We walked off the plane after over 24 hours of travel, into a crowd of welcoming, if not cautious, arms - a moment I had played out in my imagination dozens of times before. Only in my earlier versions, this moment was defined by sheer joy, dominated by victorious applause, doused with huge smiles and laughter and first meetings. In that version, we walked out even more sleep-deprived, yet even more exuberant, as our first son sat perched on my hip, ready for his grand debut.
Instead, we walked off the plane with only our carry-ons in hand, and with a mountain of grief inside our hearts that we had not yet had the courage nor the understanding to begin to deal with.
I think few of us get through our twenties and thirties without encountering tragic loss of one form or another. Within my own little circle, parents have died of cancer, brothers have taken their lives, babies have been born blue, friends have fallen or crashed or wandered to their deaths, adoptions have fallen through, marriages have crumbled - all within the past decade. And I know every little circle, in every little corner of the world, is unfortunately familiar with similar tragedies and losses.
After losing a dear friend two summers ago, I found some degree of comfort in educating myself with every piece of literature I could get my hands on regarding grief and the process of recovery after tragic loss. I read book after
book after book and flitted from one blog to the next, not in search of answers, but in great need of camaraderie and guidance. I didn't want concrete steps to follow, but I did need to know what sorts of things I could expect on this road of grief and what things had helped others along the way. More than anything, I wanted a hand to hold as I walked, to know that I was not alone.
I love what Glennon Doyle Melton says about grief in her memoir, Carry On Warrior, "Grief and pain are like joy and peace; they are not things we should try to snatch from each other. They’re sacred. They are part of each person’s journey. All we can do is offer relief from this fear: I am all alone."
Perhaps the saddest part of our tragedies - more wounding and breaking to the human spirit than even the loss itself - is the way we treat one another in the wake of these experiences. How many times has someone in their grief been greeted with overly optimistic smiles and assurances and appeasements of why things happened the way they did? Well-meaning and kind-hearted people rush to provide answers, to wrap the messes of our lives with neat bows like, "At least he's happy in heaven now." or "God always has a plan." or "She's an angel now. The best one up there." Answers and justifications given before the griever has hardly even had time to ask the questions or raise the concerns for themselves.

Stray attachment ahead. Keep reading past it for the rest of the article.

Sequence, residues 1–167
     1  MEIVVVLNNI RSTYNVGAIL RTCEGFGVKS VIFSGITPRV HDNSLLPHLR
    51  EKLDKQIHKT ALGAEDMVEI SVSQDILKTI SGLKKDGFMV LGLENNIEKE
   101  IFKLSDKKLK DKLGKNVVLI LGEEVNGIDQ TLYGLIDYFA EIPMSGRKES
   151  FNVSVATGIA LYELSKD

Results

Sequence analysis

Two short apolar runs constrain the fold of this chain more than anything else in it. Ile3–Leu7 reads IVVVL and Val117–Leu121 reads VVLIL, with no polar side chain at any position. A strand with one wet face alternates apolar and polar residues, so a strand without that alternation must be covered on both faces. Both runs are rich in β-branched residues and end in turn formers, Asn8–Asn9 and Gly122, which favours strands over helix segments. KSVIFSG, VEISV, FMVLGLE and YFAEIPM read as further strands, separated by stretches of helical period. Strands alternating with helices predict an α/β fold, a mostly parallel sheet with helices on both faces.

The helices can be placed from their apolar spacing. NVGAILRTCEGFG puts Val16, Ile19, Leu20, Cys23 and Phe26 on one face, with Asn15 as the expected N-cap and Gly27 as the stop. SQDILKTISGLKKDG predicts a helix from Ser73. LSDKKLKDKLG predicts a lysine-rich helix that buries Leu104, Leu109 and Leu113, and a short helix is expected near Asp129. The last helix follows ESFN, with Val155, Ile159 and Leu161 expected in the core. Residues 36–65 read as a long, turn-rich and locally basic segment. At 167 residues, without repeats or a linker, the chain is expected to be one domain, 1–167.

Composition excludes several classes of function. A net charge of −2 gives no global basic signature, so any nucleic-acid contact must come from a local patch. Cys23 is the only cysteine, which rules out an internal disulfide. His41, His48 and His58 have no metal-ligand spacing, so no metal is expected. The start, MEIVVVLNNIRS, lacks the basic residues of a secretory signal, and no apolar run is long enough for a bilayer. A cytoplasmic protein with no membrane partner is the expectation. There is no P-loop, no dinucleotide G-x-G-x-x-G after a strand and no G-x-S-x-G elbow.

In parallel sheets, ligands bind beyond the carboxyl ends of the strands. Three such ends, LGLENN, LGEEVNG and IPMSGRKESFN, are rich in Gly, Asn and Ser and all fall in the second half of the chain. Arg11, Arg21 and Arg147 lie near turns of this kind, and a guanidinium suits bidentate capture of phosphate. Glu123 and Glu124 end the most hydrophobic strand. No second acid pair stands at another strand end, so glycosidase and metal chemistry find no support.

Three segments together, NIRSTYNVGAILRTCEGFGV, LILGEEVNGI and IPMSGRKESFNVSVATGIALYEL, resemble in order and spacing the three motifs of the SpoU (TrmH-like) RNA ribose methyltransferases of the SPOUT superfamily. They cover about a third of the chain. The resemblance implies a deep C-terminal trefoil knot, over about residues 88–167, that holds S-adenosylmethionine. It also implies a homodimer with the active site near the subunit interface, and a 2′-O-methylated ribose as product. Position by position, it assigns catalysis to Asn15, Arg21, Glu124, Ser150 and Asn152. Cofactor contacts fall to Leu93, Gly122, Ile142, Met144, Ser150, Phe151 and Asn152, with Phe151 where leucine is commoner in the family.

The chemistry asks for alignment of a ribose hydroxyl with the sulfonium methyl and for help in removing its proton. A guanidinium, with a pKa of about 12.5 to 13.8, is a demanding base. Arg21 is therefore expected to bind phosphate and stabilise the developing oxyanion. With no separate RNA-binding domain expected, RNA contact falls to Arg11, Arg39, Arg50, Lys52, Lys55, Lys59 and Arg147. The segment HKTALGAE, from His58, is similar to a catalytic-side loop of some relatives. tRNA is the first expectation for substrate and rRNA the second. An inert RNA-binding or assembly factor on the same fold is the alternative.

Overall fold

And how many times has someone in their grief suddenly realized that nobody in the room is willing to make eye contact with them? Instead of bright smiles, they receive awkward glances and downcast eyes; instead of confident answers, they experience complete avoidance. Perhaps meals are dropped off for a week or condolence cards trickle in for a month, but all too often when the going gets really hard - when the reality of a lifetime without the loved one starts to sink in or the questions finally start taking form - the griever finds herself alone, left to feel as though she now and forevermore wears a Scarlet Letter, that her pain is too big or her healing is taking too long.
Anna Whiston-Donaldson speaks to this in her beautiful book, Rare Bird, when she writes, "It dawns on my that I’ve never walked beside someone in deep pain. I’ve been more of a drive-by friend, the kind who reaches out once or twice and hopes the situation will be resolved quickly. I care. I cry. I pray. But I don’t stick around long. I’m the type of friend you would want around for a broken ankle but not for chronic depression."
I understand Anna's words far too well - both as the giver of such shallow comfort and as the receiver. Grief is messy and scary and quite unpredictable - just the opposite of the neat, controlled lives most of us strive toward. We get lost in that unpredictability and rather than sitting in silence and patience with ourselves or others, we rush ahead with answers and will for life to go on as we once knew it. We hurry the griever into clean black and whites - answers that may in fact satisfy our own souls - without allowing them space to wrestle and cry and wander and just not know, perhaps ever.
Anne Lamott offers this insight on grief in her book, Stitches, "I’d given talks for years about how when it comes to grieving, the culture lies - you really do not get over the biggest losses, you don’t pass through grief in any organized way, and it takes years and infinitely more tears than people want to allot you. Yet the gift of grief is incalculable, in giving you back to yourself."
I have fumbled on my words and overcompensated the discomfort of a situation with chatter and cheek-numbing smiles. I have wrestled through the muck of my own grief, not knowing how to ask for help or what help it was that I even needed. I have been quick to anger, quick to judge, quick to tears.
Through it all, I have learned that there are guideposts gleaned from others' experiences to help mark our way and myths about grief and loss that we need to uncover. I have learned that there are stories that we need to hear and stories that we need to tell. That there is courage to be mustered for that painful but necessary task of staring our loss straight in the face. That there are questions that need to be asked and space - within a loving arms' reach - that needs to be given.
I have learned that we still need to laugh. We still need to cry. And always, we need to know we are not alone.
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